Change Of Masters
The next day we continued our explorations by land, and so for a week after that. I
thought it best not to relinquish all authority, so I organised regular expeditions, and
ordered their direction. The men did not object. It was all good enough fun to them.
The net results were that we found a nesting place of sea birds--too late in the season for
eggs; a hot spring near enough camp to be useful; and that was about all. The sheep were
the only animals on the island, although there were several sorts of birds. In general, the
country was as I have described it--either volcanic or overlaid with fertile earth. In any
case it was cañon and hill. We soon grew tired of climbing and turned our attention to the
With the surf boat we skirted the coast. It was impregnable except in three places: our
own beach, that near the seal rookery, and on the south side of the island. We landed at
each one of these places. But returning close to the coast we happened upon a cave mouth
more or less guarded by an outlying rock.
The day was calm, so we ventured in. At first I thought it merely a gorge in the rock, but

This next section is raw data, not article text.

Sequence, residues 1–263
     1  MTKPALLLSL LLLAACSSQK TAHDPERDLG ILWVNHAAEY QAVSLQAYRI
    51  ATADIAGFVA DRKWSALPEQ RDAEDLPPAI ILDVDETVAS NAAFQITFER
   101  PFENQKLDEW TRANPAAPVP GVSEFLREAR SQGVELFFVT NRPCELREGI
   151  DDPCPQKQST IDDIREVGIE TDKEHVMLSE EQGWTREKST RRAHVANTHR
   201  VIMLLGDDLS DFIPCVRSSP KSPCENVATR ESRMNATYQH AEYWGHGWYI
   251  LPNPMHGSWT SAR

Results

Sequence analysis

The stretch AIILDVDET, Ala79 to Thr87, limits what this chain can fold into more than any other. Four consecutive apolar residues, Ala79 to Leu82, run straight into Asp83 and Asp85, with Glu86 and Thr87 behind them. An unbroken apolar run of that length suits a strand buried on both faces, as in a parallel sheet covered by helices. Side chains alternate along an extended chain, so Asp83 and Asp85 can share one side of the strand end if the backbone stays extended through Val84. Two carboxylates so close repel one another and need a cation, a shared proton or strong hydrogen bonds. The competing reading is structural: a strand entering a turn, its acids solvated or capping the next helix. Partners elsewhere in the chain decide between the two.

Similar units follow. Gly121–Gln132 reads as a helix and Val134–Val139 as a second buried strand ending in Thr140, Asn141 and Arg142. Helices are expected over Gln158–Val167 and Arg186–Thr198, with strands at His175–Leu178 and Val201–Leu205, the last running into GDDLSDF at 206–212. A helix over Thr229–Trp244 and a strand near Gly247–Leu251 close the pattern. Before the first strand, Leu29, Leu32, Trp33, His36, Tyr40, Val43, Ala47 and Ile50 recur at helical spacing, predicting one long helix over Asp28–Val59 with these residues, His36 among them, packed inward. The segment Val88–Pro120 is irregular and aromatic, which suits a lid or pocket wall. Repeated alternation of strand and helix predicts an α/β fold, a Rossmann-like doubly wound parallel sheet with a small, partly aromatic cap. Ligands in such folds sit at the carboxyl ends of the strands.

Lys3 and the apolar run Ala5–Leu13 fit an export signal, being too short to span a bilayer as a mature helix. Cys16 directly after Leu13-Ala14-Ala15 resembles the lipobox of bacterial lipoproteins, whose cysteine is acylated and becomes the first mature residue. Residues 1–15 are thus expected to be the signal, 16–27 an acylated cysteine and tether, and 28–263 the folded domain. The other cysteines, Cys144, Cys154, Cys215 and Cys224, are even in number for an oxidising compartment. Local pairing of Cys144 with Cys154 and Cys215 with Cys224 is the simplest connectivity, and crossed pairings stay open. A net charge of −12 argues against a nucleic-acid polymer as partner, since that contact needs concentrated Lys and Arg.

even while peering for the end wall we slipped under the archway and found ourselves in
a vast room.
Our eyes were dazzled so we could make out little at first. But through the still, clear
water the light filtered freely from below, showing the bottom as through a sea glass. We
saw the fish near the entrance, and coral and sea growths of marvellous vividness. They
waved slowly as in a draught of air. The medium in which they floated was absolutely
invisible, for, of course, there were no reflections from its surface. We seemed to be
suspended in mid-air, and only when the dipping oars made rings could we realise that
anything sustained us.
Suddenly the place let loose in pandemonium. The most fiendish cries, groans, shrieks,
broke out, confusing themselves so thoroughly with their own echoes that the volume of
sound was continuous. Heavy splashes shook the water. The boat rocked. The invisible
surface was broken into facets.
We shrank, terrified. From all about us glowed hundreds of eyes like coals of fire--on a
level with us, above us, almost over our heads. Two by two the coals were extinguished.
Below us the bottom was clouded with black figures, darting rapidly like a school of
minnows beneath a boat. They darkened the coral and the sands and the glistening sea
growths just as a cloud temporarily darkens the landscape--only the occultations and
brightenings succeeded each other much more swiftly.
We stared stupefied, our thinking power blurred by the incessent whirl of motion and